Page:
Day by day: Married 65 years, Fulda couple endures
ULDA — On one of many recent blustery winter days, Rich and Dorothy Gilbertson are contentedly tucked into their cozy house on Fulda’s north side. Married 65 years, the couple, ages 92 and 86 respectively, feel blessed to be able to still live in their own home and be together, despite some health-related setbacks.
Most notably, Dorothy has lived the last 12 years of her life without a pancreas — the bodily organ that secretes insulin, which controls blood sugar levels, as well as digestive enzymes and hormones.
“When I say I don’t have a pancreas, people just look at me kind of funny,” related Dorothy. “Most people aren’t aware of what a pancreas does.”While it’s pretty rare for people to have the entire organ removed, it is necessary in some cases, such as Dorothy’s, because of pancreatic cancer.
“I had a lot of indigestion problems and could never figure out exactly what was causing it,” she recalled. “Then I started getting stomachaches and pain going into my back.”
At the time, a gastroenterologist was seeing patients at the clinic in Worthington, so Dorothy made an appointment and had a CAT scan. When the doctor returned the following week, he told her there was a large mass in her pancreas. He gave her the option of seeking treatment in Sioux Falls, S.D., or the Mayo Clinic in Rochester, and she opted for Mayo. She had surgery to remove the affected part of her pancreas in 2000.
“That first surgery, they just took the tail of the pancreas and said I didn’t need any treatment because it hadn’t spread,” she said. “I was fine for a while, but then I started having the same symptoms again, so they did another scan.”
The scan confirmed that the cancer had returned, and another surgery was scheduled in 2001.
“Chemo and radiation do not do much for pancreatic cancer,” Dorothy said. “So I had a second surgery, and this time they took the whole thing. But it hadn’t spread outside the pancreas. I ended up with a couple of infections, though, so I was in the hospital for 29 days.”
Without a pancreas, Dorothy immediately became a diabetic, and she gives herself insulin shots three times a day in order to control her blood sugars, and she must also watch her diet.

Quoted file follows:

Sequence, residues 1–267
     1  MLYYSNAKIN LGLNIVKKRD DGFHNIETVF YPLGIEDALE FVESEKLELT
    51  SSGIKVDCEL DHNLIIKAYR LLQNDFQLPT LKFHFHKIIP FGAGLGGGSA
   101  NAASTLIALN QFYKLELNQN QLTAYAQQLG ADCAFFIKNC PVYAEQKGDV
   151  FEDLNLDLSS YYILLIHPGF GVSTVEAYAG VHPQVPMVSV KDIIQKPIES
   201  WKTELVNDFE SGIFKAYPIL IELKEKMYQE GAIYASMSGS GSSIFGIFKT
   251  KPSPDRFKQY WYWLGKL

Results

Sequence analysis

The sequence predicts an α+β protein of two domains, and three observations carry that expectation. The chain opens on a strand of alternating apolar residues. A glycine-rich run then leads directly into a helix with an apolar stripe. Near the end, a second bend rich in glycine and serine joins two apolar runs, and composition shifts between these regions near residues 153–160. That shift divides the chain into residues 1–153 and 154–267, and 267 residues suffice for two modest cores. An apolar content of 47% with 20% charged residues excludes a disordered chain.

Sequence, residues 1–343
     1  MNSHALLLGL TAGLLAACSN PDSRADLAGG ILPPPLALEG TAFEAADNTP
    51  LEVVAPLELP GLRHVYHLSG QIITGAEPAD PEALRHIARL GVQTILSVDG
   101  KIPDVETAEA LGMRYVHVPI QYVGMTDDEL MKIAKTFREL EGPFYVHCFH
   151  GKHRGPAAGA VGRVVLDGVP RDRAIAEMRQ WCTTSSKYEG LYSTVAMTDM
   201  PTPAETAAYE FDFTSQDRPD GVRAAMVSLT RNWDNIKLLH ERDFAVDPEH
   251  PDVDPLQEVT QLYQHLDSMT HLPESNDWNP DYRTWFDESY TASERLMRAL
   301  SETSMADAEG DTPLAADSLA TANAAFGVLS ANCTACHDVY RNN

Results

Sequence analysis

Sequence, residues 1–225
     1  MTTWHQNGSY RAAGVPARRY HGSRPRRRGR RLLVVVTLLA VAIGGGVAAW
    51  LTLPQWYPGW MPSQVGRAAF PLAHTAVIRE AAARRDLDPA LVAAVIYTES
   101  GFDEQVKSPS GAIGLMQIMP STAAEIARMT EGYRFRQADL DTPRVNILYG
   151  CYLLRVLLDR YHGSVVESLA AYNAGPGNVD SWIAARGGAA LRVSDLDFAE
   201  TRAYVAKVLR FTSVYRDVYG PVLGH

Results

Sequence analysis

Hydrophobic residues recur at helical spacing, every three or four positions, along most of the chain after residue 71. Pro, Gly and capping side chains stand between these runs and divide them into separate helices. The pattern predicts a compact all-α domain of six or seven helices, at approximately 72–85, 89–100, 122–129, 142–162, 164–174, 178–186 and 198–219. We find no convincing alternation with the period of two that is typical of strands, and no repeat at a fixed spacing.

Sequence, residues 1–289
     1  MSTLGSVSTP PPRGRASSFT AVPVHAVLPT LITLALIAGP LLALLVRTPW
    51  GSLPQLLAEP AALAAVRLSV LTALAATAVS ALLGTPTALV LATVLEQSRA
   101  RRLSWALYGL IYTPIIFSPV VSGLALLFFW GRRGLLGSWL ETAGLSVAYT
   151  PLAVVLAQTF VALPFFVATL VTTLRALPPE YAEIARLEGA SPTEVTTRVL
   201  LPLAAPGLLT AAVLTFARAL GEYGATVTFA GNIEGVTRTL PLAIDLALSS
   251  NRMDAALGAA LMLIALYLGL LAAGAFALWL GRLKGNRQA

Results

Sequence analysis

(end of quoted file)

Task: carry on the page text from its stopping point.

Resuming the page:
“I have a hard time digesting,” she explained. “I can eat some stuff one time and it doesn’t bother me, and the next time it does. The dietitian told me that where you get in trouble is with your fats.
“With each meal, I have to take enzyme pills,” she continued. “The doctor can’t even tell you how many to take, because they don’t know. You have to take a few more when you eat something that you probably shouldn’t.”
In the grand scheme of things, however, Dorothy looks at the medications she must take daily and the occasional trip to the emergency room when her body doesn’t function correctly as inconveniences.
“First of all I thank God,” she said, “and I had a wonderful surgeon, Dr. Thompson is his name. When I’d go back for a checkup, he’d just smile from ear to ear, knowing what he’d done for me.”
The surgery gave Dorothy more time with her husband, daughter Suzanne, two grandsons and a chance to meet her two great-granddaughters. She’s also grateful for the love and care she’s received from her family members, who have been by her side throughout every ordeal.
“It’s a struggle,” she admitted, “but I’m just so thankful. I would never have seen my great-granddaughters, because they were both born after I was diagnosed.”
Although they used to spend winters in Arizona, these days the Gilbertsons don’t stray too far from home. They have lived in Fulda all their lives. Rich, a World War II veteran, owned and operated the Skelly service station in Fulda for many years, then served as a state fire marshal for another 10 before retiring. Dorothy did the bookwork for the station.
“I’m kind of a homebody, and it’s a good thing I am,” said Dorothy. “We lead a pretty quiet life. Rich is also diabetic, and we fare much better at home where we eat our regular meals.”
Dorothy enjoys cooking and baking and also does a lot of reading and puts together puzzles.
“I’m on the library board, too, and I help out with the church service out at the nursing home on Tuesday,” Dorothy added.
Rich can often be found puttering in his workshop. Over the years, he’s turned out hundreds of waterfowl figures, fashioned from golf club woods with a hand-carved head attached. His output has been slowed down, however, by lessened mobility in his hands.
“I just looked at them one time and thought, ‘That’s easy enough,’” said Rich about how he decided to try his hand at the craft. “But it’s not that easy, because you have to cut the handle off. But I’ve made hundreds of them. I’ve got just about every kind of duck there is and geese and pelicans.”
The handcrafted birds line the shelves of their living room, but there’s also a plethora of birds found just outside the Gilbertsons’ picture window, too. They are avid bird feeders, providing a daily diet of suet for the winged creatures that don’t go south for the winter.
While they sit and watch the birds feast outside that window, Rich and Dorothy count their many blessings.
“I think it has made me a better person,” Dorothy said about her health struggles. “I think I’m more tolerant than I was, and I’m much stronger than I used to be because of it.”